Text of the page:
The Liberal Prime Minister was speaking to Le Devoir. His “electoral reform” promise – expressed in seven short sentences in the Liberal platform, just a year ago – may not be needed any more, Trudea suggested.

Said he: “Under Stephen Harper, there were so many people unhappy with the government and their approach that people were saying, ‘It will take electoral reform to no longer have a government we don’t like’. But under the current system, they now have a government they’re more satisfied with and the motivation to change the electoral system is less compelling. 


This statement rendered the Opposition apoplectic, of course. To NDP leader Thomas Mulcair, and others, it was the very pinnacle of Grit arrogance: Trudeau was confirming, in effect, that the promise to eliminate the first-past-the-post system was merely done to eliminate Stephen Harper – not to improve our democracy. Now that Harper was back in Calgary writing his memoirs, therefore, electoral refiorm was no longer needed.

The NDP get outraged about every sparrow that falls from the sky, so we shouldn’t get as hysterical about Trudeau’s statement, likely delivered with that familiar familial shrug. But there is a hint of menace, there. Trudeau – maybe, just maybe – seems to believe that democracy should conform to the desires of the Liberal Party of Canada. And, when it doesn’t, change it.

That was not the only shadow cast over democracy last week. On Wednesday, the very same day, the final presidential debate took place. For the first 30 minutes or so, Donald Trump seem to have been medicated – the insults, the interuptions and the persistent case of the sniffles were gone. But, soon enough, the combed-over, sausage-fingered raging Human Cheeto was back, saying things that would earn him a mouthful of knuckles in any self-respecting bar. Saying shit, in effect.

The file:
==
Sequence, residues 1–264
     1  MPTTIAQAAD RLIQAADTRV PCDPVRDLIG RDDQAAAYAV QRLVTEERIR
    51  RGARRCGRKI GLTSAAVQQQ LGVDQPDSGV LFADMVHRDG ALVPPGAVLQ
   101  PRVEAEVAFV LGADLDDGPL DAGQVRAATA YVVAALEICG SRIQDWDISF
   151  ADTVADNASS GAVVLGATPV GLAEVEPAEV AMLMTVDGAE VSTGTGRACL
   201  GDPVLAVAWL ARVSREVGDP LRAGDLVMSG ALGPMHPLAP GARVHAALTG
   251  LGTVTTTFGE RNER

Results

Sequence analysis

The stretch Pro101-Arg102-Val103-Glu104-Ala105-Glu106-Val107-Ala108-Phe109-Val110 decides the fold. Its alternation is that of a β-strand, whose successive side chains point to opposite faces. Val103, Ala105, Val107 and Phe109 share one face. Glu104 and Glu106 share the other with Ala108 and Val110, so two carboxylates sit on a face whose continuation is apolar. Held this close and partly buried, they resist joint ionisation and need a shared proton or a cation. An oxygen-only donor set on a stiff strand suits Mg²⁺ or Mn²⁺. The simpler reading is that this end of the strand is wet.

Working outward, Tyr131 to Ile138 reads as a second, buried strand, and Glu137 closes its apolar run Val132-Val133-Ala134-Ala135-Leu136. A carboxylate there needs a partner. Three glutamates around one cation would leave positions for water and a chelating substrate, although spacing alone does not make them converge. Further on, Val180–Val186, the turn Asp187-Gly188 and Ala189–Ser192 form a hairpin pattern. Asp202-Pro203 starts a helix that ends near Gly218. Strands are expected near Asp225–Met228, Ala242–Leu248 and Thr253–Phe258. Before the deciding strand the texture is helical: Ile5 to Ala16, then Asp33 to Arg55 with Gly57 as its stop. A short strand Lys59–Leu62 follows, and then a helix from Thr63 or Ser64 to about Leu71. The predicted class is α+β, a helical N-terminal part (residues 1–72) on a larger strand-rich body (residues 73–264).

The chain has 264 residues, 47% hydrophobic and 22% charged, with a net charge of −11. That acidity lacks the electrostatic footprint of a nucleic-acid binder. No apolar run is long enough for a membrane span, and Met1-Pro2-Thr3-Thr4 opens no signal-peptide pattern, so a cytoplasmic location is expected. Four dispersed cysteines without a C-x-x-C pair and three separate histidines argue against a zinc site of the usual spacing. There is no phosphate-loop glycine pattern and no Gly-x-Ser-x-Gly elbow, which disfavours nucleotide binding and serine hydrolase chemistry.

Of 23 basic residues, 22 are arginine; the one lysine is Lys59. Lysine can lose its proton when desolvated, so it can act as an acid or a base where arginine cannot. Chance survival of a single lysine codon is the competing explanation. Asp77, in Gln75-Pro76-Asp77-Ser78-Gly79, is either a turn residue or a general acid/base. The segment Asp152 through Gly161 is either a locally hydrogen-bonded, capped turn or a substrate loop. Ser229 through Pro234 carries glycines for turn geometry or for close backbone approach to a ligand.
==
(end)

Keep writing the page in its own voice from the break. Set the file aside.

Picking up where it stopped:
Here is what he said, near the end, when asked the de rigueur question if he would respect the election result.  

“I will look at it at the time,” Trump said, as Hillary Clinton (and many millions of others) looked on in horror. “I will keep you in suspense.”

That statement was unprecedented in American history, Clinton said, and it was. A candidate representing one of the two major political parties, refusing for the first time to accede to the notion that – in a democracy – a peaceful and orderly transition of power is essential. Refusing to accept the will of the people, democratically expressed.

The major American newspapers, and not a few others around the world, promptly lost it. Of all of Donald Trump’s serial lies and insults, this one was the worst. He was literally placing American democracy in peril.

Someone talked to him. Overnight, he decided to moderate his tone.  

 “I will totally accept the results of this great and historic presidential election — if I win,” Trump said to a mob of his stormtroopers Delaware, Ohio, where he is (regrettably) ahead. Even Alec Baldwin and Saturday Night Live couldn’t properly satirize that one, I told my astonished wife. The only votes that count, the oleaginous groper seemed to be saying, are the ones that favour me.